home      my running story      races from the beginning      talk to me       product reviews      

Friday, 25 October 2019

Ultimate Triathlon Middle Distance: Choking The Bees & Dreaming of Aliens

I’d raced one of the UK Triathlon events at Stratford and it was well organised so when I heard they did a middle distance I decided to give it a go. Middle Distance is my favourite. None of this rushing around, max heart-rate nonsense … I settle in with some snacks and try not to drown, fall off or fall over. 

I had the usual amount of sleep before a race. None. And the usual quality. Poor with occasional sitting bolt-upright convinced I’d missed the alarm. So I awoke feeling unrested and looking bleary eyed. Standard Morning Sarah. 

However my race plaits were on point so even though my face would look dreadful in race photos, if I could convince the photographer to get the back of my head there might be a salvageable pic in the bunch. 

It was easy to find the car park but while fully laden with bike and tri bag, I couldn’t work out where to register.  It’s so unlike me to get lost, right?  Asked one of athletes milling about for directions and it turned out to be someone I follow on twitter. Thanks for sending me in the right direction despite all the tripe I post on twitter ...

Despite a 0930hrs start, I was ridiculously early for the race. No point sitting in the hotel room faffing when I could be at the event faffing, right? Besides plaits were already perfect...

As Pinky swings gently in the breeze ...

At least being insanely early to the event meant there was lots of space in transition. It was an open transition which meant that numbers weren't allocated on the racking – it was basically first come first served. Sometimes this can be carnage but it all seemed fairly amicable and there were no punch ups over whose sandwiches were overlapping whose bike tyres. I may be small but I’m feisty. I NEED snack space. 

There was a lovely Pinky-The-TT-Bike sized space on the front row so I set up there. Pinky rocked gently in the breeze looking tiny next to all the massive man-bikes and so far she was the only pink bike racked.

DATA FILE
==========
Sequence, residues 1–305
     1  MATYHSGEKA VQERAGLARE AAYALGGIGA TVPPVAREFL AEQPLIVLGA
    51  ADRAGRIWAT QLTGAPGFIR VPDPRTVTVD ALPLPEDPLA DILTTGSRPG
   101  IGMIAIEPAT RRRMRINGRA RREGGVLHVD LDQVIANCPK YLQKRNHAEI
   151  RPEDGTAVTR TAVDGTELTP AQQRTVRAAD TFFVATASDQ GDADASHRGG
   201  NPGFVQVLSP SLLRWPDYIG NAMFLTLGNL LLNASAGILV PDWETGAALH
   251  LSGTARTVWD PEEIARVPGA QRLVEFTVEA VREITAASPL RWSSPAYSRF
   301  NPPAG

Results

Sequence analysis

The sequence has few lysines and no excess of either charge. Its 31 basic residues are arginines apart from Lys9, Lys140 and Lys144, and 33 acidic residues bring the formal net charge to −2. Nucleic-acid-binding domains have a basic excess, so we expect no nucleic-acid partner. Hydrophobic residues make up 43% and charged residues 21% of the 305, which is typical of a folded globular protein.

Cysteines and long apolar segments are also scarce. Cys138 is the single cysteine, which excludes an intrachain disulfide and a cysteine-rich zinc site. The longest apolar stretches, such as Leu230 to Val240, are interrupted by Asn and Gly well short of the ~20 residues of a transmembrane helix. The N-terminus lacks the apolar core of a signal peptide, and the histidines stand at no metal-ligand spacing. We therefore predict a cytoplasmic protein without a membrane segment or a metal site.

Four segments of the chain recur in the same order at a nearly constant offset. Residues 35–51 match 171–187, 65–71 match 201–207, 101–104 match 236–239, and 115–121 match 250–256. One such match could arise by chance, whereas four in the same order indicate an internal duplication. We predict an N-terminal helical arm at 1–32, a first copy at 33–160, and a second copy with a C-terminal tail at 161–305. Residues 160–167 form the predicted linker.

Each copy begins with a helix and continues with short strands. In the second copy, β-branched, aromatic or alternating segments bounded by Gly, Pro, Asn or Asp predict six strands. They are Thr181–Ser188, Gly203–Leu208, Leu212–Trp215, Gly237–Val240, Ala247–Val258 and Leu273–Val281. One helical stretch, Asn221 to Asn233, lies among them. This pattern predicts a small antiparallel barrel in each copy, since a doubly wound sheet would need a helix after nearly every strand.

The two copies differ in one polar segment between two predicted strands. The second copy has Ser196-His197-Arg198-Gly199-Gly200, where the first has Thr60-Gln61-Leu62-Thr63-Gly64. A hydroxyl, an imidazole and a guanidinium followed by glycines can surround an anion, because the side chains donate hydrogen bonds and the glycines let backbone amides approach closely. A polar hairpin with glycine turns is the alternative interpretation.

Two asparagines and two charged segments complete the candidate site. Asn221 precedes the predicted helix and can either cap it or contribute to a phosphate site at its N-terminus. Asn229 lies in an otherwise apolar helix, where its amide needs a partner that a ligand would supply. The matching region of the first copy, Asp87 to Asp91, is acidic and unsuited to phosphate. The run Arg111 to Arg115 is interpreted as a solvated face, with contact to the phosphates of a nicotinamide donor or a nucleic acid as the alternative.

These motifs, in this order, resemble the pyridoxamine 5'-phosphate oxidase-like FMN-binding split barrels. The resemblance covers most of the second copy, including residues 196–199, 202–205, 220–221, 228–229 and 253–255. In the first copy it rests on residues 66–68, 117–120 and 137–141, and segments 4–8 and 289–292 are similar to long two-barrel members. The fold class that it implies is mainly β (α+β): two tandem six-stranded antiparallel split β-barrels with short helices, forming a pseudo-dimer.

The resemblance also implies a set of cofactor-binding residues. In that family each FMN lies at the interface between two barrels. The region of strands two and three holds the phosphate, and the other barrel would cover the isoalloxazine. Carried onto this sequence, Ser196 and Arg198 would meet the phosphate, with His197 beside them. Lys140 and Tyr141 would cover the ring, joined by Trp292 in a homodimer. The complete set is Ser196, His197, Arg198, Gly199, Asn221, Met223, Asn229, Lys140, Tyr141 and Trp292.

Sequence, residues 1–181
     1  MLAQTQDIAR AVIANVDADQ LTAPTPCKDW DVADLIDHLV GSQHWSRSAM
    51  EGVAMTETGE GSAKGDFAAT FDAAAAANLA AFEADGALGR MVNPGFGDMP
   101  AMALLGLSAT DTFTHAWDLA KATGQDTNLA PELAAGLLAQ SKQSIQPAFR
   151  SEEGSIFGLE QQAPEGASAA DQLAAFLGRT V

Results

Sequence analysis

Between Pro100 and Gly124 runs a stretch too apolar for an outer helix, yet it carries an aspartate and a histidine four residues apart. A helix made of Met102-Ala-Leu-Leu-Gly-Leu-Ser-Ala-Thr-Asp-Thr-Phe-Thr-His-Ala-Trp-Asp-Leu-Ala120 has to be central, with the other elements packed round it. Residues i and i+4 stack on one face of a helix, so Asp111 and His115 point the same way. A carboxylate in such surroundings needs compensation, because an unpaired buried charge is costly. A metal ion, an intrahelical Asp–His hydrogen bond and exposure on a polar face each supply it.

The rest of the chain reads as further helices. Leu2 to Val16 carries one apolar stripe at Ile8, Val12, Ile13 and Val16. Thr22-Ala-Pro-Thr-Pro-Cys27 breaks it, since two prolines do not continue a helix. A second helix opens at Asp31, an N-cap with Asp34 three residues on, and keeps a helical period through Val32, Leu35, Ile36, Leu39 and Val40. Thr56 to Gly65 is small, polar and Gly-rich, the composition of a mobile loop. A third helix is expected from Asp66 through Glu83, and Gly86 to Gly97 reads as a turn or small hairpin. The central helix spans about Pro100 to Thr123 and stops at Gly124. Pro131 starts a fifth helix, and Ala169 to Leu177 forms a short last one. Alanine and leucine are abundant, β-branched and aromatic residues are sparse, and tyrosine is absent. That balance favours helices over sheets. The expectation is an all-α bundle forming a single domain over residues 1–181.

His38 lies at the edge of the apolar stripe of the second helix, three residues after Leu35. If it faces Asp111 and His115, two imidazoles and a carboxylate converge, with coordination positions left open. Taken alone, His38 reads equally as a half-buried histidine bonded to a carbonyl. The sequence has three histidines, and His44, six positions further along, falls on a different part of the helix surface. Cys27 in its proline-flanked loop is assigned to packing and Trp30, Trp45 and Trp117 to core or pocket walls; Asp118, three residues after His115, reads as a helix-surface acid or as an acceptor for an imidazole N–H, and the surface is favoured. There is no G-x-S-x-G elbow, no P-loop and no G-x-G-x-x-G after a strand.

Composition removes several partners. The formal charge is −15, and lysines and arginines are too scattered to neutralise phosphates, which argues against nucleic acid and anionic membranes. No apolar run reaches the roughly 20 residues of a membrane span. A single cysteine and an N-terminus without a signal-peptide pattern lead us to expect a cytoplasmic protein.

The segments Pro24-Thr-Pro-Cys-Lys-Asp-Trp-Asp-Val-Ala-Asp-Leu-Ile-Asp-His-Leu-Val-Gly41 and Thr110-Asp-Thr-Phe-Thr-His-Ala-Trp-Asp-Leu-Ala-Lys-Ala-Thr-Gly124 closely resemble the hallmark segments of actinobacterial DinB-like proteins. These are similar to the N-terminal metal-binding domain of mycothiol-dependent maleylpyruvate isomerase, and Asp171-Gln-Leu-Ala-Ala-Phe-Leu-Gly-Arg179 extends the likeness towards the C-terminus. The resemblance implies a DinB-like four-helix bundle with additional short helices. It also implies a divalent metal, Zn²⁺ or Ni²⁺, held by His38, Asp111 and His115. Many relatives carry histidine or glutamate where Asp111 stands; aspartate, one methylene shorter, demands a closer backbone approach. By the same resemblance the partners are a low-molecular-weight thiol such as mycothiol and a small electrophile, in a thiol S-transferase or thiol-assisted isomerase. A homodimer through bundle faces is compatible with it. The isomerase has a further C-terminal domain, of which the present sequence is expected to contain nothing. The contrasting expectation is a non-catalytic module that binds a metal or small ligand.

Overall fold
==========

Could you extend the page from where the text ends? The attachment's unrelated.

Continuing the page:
The Ultimate Triathlon was running a mix of distances today: ironman, half-iron and olympic which was going to be interesting and would mean it’d be difficult to tell where I was in the field as wouldn’t know if the females were going long distance or short distance. The races were started at different times and the iron-distance competitors were set off first so I got to cheer them as they started their event. 

I’d left the hotel too early to have enough coffee. I was certainly feeling the lack of caffeine and was pretty sure there was blood in my coffee stream. Needed to remedy that. And fast. I wasn’t convinced I’d be able to remain upright without the proper caffeine saturation levels. 

That would be fine for the swim but a bit difficult on the run clearly.

I can’t find the start of the race without help but my caffeine radar was clearly operating efficiently as I found the cafe without any problem. It was nice sitting in the conservatory and there was a great view of Alderford Lake and the swimmers looping the island in their iron distance swim but I was wondering if I’d been ripped off. I’d paid the cafe £5 to park in a field and had just forked over £3.25 for a coffee so the cafe had made £8.25 off me for basically spooning a teaspoon of instant into a cup and pouring hot water on it. But coffee. Lovely, lovely coffee.

It was lovely to see Gazz and his tri buddy David who were also competing today in the half ironman distance. It was Gazz’s first 70.3 so he was nervous but focused. Cheered them off as they started 30 mins before me and decided that my goal today would be catching them up … if I could! 

Look at me with my race tattoo the right way up ...!

I had time for a final transition check and then it was onto the aerobics of getting into my wetsuit. It’s a hard job getting into the swim wetsuits and if you can imagine a walrus trying to star jump you’ve probably got a fairly good picture of how I look getting into it. But with more grunting. I’m not even joking.

It’s probably why I get given a LOT of space in transition. No-one wants to be near the weird grunty girl. Even if it’s a good space at the front. 

I'm TOTALLY pretending I'm at the Olympics

We were paraded down to the start as a group with a big Union flag being waved in front of us like we were at the Olympics. I felt a bit special until I realised that feeling was actually that I really needed a wee quite badly and probably shouldn’t have drunk all that coffee after all. 

Down at the side of the lake, we were stopped to let the first male competitor come in off his first lap. We all gave him a resounding cheer and wondered if we’d be able to swim quick enough to draft him. 

Inner voice: DON'T DROWN! DON'T DROWN!

The water was divine at 17*c.  It was like the temperature of bath water so practically a bath but with carp and duck poop instead of bubbles. 

There were only 63 females so the pack were pretty spread out. When the horn went I couldn’t find any feet to sit on – my usual tactic so had to splash out on my own. The horror. How was I going to manage without some cheat-feet?